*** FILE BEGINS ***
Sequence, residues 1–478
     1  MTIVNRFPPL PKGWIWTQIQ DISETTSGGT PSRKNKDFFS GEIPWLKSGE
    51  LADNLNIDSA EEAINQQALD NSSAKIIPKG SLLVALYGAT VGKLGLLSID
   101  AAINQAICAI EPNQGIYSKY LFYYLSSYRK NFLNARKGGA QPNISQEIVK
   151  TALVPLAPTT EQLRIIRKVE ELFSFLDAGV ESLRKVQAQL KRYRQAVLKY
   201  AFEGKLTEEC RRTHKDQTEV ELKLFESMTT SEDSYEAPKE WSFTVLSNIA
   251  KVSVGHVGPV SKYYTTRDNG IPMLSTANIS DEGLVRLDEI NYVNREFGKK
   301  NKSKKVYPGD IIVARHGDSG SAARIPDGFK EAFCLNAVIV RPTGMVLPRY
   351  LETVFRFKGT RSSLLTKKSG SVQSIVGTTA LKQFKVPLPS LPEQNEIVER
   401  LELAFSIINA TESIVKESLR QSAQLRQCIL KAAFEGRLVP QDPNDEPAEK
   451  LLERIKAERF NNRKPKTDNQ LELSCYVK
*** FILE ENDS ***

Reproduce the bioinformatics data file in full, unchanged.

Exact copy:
Sequence, residues 1–478
     1  MTIVNRFPPL PKGWIWTQIQ DISETTSGGT PSRKNKDFFS GEIPWLKSGE
    51  LADNLNIDSA EEAINQQALD NSSAKIIPKG SLLVALYGAT VGKLGLLSID
   101  AAINQAICAI EPNQGIYSKY LFYYLSSYRK NFLNARKGGA QPNISQEIVK
   151  TALVPLAPTT EQLRIIRKVE ELFSFLDAGV ESLRKVQAQL KRYRQAVLKY
   201  AFEGKLTEEC RRTHKDQTEV ELKLFESMTT SEDSYEAPKE WSFTVLSNIA
   251  KVSVGHVGPV SKYYTTRDNG IPMLSTANIS DEGLVRLDEI NYVNREFGKK
   301  NKSKKVYPGD IIVARHGDSG SAARIPDGFK EAFCLNAVIV RPTGMVLPRY
   351  LETVFRFKGT RSSLLTKKSG SVQSIVGTTA LKQFKVPLPS LPEQNEIVER
   401  LELAFSIINA TESIVKESLR QSAQLRQCIL KAAFEGRLVP QDPNDEPAEK
   451  LLERIKAERF NNRKPKTDNQ LELSCYVK